I remember graduating with my low 2:1 psychology degree and then applying for a research assistant post with a very famous psychologist. I felt like I stood a good chance of getting the job, I told my parents about it, in my head I already had it. Needless to say I didn't even get an interview. Logically if you'd examined it with me I probably would have known that I didn't stand a chance, but I think that first experience of rejection is a difficult one for anyone. And my belief that I would stand a chance just because I had a degree was probably a bit of a defence against the idea of potential rejection. I also think that because the job title had the word 'assistant' in it I was thinking I wasn't aiming that high. (I can't remember all my thought processes though, it was a long time ago, indeed, in the days when handwritten job applications were acceptable, plus the memory is a little embarrassing for me!)

It's a shame when people (and the recent poster is not the only one) invest so much time and energy and money into something that they thought was going to be something it wasn't. I can understand the feelings of 'bitterness'. Part of me wants to say "well you should have done your research", but I was 17 when I choose and applied to my degree course, I was hardly in the position to be doing extensive research into different careers. Plus I started my degree with a different career path in mind (teaching), and I had done my research into what that needed (degree plus PGCE). It wasn't until the teaching plan was ditched that I started doing research around what was required for applied psychology careers, and by then I was already half way through the degree. So then I wonder whose responsibility is it to make sure undergrads know the career paths they are setting their hopes on. Is it the university's job to address all the different career hopes that they imagine their students to have? (Because it's not just about clinical psychology, there are lots of other careers that people can have unrealistic expectations about)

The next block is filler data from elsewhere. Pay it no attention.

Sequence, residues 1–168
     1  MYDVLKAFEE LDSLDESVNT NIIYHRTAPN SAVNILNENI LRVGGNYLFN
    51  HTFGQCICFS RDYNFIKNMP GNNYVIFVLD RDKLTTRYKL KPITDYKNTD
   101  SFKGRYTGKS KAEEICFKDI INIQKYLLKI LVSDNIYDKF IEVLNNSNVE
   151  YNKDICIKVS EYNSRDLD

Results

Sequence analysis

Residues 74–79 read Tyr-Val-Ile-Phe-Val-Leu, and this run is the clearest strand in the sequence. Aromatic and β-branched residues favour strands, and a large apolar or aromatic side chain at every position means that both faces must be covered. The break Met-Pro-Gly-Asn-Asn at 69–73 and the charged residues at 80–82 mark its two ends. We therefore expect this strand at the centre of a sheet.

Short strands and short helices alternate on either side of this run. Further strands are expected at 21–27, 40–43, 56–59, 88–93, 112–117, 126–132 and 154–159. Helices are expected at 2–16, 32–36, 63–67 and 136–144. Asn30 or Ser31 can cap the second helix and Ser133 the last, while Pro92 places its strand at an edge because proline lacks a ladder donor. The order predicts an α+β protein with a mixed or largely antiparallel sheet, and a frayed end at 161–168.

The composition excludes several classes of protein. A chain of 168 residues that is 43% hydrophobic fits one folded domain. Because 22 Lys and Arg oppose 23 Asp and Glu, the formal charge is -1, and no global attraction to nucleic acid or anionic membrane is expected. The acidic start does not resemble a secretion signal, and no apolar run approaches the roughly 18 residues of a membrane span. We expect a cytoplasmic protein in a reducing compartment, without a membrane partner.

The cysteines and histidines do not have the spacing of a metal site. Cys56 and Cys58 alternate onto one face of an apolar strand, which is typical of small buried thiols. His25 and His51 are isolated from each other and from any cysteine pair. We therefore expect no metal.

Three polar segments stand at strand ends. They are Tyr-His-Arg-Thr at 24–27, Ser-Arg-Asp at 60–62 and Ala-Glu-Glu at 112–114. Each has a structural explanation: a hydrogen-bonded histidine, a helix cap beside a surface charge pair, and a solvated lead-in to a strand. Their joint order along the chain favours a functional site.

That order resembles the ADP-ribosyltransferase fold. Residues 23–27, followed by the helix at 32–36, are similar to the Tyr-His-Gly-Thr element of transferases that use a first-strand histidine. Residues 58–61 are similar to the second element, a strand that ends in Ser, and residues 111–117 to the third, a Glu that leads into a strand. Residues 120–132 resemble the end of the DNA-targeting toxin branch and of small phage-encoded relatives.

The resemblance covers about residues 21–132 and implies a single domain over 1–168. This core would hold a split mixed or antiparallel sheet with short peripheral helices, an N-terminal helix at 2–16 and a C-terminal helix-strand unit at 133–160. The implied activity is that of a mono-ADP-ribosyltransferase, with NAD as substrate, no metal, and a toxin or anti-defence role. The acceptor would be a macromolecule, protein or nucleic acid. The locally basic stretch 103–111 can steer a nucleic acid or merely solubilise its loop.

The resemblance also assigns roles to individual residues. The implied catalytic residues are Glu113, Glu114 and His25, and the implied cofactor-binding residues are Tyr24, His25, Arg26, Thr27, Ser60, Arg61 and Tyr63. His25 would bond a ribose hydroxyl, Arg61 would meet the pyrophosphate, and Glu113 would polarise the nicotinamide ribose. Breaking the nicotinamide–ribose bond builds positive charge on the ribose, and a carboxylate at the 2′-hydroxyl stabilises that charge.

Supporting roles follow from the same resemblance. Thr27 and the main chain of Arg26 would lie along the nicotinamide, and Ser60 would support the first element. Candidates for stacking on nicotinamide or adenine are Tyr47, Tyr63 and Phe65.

For what it's worth, clinical training places are increasing at the moment, so perhaps that is good to hear for those who think more posts are needed. However, I don't like the rationale that we need to create applied psychology posts because there are lots of able graduates out there without the jobs they want. The NHS needs to create those posts to meet a clinical need. And yes of course we need lots of psychologists, but we also need more nurses and OTs and physiotherapists and S&LT and social workers, and I would argue more desperately so. I wonder if we should be helping psychology graduates move into those careers a bit more.
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Re: What was the point in studying psychology?

Post by miriam »

Indeed, Ell. There are lots of ways of being part of the NHS (or voluntary, social impact or private sector) and part of the sources of help and support for people with psychological distress or additional needs. It isn't CP or failure, but a whole spectrum of career options in which we can achieve success (in terms of impact and a reasonable level of income and job security).

I hope that this website/forum goes some way towards making the information about the career path more transparent for people who do try to look into things. The amount of traffic we get suggests it probably does.
Miriam

See my blog at http://clinpsyeye.wordpress.com